After nearly two years of considering options for a renovation and expansion of the historic 1907 library building on West Main Street, library trustees in February agreed to a suggestion from the selectmen for further study of North Quarter Park as a potential site for a new library building.

Meehan noted Tuesday that North Quarter Park has been a subject of previous town-sponsored studies in past years that could be used in the latest analysis of the property. “We want to move this along,” he said.

Members of the new committee include Doreen Joslow,, representing the planning and zoning commission, Robert Gorman, representing the library board of trustees, Matt Sanders, representing the parks and recreation commission, Steve Teizzi, representing the Main Street Committee that is coordinating a long-planned reconstruction of Main Street, Richard Nygard, representing the board of finance, and at-large volunteer Dean Amato. Meehan will represent the board of selectmen on the committee. The committee is expected to hold its first meeting later this month.

Proposed $18.77 Million Region 4 Education Budget for 2014-2015 Goes to Public Hearing Monday

REGION 4— A proposed $18,377,431 district education budget for 2014-2015 will be presented at a public hearing Monday at 7 p.m. at John Winthrop Middle School in Deep River. The spending plan for the operation of the middle school and Valley Regional High School was approved by the Region 4 Board of Education last month.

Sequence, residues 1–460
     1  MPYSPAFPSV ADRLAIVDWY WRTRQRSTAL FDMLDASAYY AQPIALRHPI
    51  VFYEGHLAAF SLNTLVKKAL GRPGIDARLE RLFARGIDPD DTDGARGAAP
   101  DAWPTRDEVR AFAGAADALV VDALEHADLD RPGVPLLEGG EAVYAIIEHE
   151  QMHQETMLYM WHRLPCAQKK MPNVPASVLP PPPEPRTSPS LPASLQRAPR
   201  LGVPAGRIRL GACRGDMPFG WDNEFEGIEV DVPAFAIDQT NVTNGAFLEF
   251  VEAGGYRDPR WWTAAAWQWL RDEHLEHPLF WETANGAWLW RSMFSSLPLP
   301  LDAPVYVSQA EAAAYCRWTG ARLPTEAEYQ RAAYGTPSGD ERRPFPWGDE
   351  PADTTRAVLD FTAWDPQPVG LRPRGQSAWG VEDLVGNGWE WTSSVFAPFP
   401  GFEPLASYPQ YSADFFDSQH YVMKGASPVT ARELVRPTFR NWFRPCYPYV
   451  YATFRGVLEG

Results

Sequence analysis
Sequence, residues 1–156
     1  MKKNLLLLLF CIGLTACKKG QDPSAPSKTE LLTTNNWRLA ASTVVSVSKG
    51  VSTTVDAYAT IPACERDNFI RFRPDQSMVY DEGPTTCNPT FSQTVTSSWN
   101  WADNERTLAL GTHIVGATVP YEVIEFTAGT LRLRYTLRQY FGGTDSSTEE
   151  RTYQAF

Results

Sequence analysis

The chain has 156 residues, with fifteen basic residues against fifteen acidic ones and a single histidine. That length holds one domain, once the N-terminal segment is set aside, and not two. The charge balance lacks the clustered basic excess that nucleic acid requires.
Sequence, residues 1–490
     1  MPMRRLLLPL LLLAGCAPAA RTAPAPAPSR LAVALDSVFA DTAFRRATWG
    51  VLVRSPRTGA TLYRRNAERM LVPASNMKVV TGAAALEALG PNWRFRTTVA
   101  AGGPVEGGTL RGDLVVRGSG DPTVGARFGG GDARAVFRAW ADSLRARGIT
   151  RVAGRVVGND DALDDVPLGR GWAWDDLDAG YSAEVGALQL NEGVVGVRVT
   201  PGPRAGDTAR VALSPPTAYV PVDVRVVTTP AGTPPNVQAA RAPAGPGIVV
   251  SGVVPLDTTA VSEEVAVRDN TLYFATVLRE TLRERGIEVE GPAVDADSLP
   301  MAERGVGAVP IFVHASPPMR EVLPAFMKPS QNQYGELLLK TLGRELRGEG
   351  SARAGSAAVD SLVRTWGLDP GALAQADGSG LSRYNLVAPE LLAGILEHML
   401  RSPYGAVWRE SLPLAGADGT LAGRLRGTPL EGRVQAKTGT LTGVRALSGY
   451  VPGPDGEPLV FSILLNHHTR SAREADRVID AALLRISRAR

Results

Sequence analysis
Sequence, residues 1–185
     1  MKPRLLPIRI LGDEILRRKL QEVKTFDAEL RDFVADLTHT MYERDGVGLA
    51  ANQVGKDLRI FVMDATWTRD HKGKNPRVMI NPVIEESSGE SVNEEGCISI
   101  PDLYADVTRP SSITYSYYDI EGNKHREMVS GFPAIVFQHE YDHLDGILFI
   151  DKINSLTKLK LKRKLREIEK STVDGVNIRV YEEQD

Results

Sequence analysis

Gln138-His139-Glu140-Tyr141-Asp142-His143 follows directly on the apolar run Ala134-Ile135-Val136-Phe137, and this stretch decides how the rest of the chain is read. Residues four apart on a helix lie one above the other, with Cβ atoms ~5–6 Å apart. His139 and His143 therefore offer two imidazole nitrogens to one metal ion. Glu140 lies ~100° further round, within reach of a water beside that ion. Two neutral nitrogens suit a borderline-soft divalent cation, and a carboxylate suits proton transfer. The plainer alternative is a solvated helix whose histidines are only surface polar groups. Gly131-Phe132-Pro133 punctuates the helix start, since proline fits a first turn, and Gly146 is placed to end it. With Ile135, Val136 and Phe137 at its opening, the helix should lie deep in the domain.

The gross budget, which represents a $601,310, or a 3.38 percent, increase over current spending is reduced by $297,447 in anticipated revenues to a net education budget of $18,079,984 that is assessed the taxpayers of Chester Deep River, and Essex based on the number of students from each town attending the two secondary schools. The net budget represents a $579,396, or a 3.31 percent, increase over the current net assessment for the three towns.

The Chester share of the net budget is $4,364,508 based on 240 students, an increase of $106,615 from the current Chester assessment. The Deep River share is up substantially this year, with a budget share of $5,602,987 based on 308 students that is up by $442,063 from the current amount. The Essex share of $8,112,489 based on 446 students, an increase of $30,717 from the current amount.

The Region 4 board will hold a special meeting after the hearing Monday to consider any possible adjustments to the budget plan based on public input received at the hearing. The Region 4 education budget goes to an eight-hour, 12 noon to 8 p.m. referendum inn the three towns on Tuesday May 6.